hal9000 / hypermetrics.com wrote:
> 
> > |But I still think, as a special case, it woudl be a good idea if
> > |    x in y
> > |meant the same as
> > |   y.include? x
> > |
> > |It is "pretty" (IMO) in the same way that the for loop is pretty...
> >
> > It's possible, because 'in' is the reserved word, so that `x in y' is
> > not valid now.  Let us discuss about name, behavior, and
> > least-surprise-ness. ;-)
> >
> 
> Certainly let's discuss it then... ;)
> 
> I propose that the (pseudo) operator "in" (named as such) should
> result in a call to include? "under the hood," i.e., x in y or
> any arbitrary pair of objects x and y, should behave exactly the
> same as y.include? x, returning true or false and making possible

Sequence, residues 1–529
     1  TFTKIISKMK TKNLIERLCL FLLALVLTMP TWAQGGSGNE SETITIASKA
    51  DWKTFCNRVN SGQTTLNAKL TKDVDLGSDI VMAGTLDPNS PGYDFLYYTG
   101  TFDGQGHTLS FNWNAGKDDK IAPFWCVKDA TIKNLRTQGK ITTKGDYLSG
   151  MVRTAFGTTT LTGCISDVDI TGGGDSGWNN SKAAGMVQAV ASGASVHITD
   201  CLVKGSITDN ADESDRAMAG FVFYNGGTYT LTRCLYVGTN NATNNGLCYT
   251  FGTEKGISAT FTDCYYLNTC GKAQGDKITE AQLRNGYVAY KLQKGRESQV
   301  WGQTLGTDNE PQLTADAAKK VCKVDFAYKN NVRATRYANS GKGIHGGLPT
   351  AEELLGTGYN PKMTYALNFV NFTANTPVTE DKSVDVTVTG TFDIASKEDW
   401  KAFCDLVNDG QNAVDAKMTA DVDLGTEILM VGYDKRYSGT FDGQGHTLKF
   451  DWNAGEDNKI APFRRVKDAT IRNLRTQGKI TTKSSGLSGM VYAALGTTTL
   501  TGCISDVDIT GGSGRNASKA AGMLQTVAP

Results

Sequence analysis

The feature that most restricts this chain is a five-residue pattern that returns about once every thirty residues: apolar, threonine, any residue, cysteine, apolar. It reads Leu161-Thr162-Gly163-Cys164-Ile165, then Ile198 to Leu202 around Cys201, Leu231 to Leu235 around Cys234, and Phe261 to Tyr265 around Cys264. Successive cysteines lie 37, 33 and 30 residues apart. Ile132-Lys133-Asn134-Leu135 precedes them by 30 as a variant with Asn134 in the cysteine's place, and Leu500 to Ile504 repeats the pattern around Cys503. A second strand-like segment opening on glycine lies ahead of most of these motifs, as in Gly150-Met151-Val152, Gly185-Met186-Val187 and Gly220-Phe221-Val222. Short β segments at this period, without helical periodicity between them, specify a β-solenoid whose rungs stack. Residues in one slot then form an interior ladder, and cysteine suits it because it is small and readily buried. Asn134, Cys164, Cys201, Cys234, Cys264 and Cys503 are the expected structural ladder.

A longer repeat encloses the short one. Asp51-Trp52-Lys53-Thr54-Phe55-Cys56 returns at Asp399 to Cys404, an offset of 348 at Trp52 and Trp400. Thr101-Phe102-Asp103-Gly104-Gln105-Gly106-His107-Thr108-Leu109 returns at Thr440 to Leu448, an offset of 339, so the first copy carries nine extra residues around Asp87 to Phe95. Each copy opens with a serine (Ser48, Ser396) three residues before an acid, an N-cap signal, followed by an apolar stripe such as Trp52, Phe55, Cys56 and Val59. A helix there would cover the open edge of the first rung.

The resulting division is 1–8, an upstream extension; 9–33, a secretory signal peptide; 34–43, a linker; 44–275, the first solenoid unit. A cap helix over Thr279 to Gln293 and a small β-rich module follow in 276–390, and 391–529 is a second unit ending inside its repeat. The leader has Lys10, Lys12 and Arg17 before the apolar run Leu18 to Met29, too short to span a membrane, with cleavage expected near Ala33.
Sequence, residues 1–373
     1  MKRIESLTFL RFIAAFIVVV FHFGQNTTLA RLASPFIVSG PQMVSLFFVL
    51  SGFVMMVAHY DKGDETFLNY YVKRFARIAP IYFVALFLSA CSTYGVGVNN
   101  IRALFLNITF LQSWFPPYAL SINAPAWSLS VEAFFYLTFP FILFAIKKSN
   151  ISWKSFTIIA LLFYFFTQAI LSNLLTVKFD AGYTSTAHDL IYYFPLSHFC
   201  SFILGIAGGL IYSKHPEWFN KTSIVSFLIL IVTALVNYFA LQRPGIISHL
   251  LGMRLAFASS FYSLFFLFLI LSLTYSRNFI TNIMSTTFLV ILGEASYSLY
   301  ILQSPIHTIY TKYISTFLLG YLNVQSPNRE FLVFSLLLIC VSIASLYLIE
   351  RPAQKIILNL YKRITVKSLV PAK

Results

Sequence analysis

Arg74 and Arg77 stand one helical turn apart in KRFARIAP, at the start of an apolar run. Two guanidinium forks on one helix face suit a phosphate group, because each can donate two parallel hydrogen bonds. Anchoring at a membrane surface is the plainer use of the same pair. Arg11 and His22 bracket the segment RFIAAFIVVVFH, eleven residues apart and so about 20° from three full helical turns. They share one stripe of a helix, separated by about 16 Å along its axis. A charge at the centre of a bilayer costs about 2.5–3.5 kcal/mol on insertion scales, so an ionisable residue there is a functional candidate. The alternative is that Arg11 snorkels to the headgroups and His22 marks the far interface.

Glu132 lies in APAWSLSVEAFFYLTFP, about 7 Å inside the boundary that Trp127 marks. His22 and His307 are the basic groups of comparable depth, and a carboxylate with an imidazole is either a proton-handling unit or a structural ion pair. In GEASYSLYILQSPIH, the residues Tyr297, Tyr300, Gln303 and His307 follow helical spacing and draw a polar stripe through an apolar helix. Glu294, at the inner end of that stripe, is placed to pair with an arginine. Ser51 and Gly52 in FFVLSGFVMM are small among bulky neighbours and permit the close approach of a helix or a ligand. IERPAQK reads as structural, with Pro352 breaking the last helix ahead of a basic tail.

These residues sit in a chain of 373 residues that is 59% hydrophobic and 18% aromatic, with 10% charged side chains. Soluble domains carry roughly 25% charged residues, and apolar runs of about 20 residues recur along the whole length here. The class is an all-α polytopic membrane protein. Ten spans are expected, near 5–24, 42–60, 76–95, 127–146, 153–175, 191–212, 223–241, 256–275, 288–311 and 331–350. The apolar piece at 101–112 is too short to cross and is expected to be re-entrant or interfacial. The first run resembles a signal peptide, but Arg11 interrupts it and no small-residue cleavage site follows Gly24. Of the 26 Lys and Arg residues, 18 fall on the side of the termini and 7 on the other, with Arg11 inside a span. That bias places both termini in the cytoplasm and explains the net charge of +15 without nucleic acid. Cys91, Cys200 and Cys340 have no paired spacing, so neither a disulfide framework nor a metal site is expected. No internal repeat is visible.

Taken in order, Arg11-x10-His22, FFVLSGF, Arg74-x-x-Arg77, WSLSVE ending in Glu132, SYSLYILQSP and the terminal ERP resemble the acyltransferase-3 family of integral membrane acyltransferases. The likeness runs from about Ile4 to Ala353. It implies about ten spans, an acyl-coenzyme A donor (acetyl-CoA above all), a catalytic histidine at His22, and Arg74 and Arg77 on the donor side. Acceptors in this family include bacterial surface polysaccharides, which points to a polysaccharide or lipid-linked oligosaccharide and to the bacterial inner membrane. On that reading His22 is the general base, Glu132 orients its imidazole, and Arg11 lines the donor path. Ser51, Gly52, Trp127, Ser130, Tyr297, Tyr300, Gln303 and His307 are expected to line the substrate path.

> syntax like: if node in binary_tree then ...
> 
> Now, is there any hidden catch, any unforeseen complication that
> I am unaware of?
> 

Well, I considered the following:

if node in binary_tree then print "found node!\n"; end
vs.
for node in binary_tree; print "current node is #{node}\n"; end

But such an ambiguity could probably be resolved in the grammar
for 'if' and 'for'.


I hope it would cover such things as:

for node in binary_tree; if node in binary_leaf then for i in 0..2; print "it's a leaf!\n"; end; end; end



Guy N. Hurst

-- 
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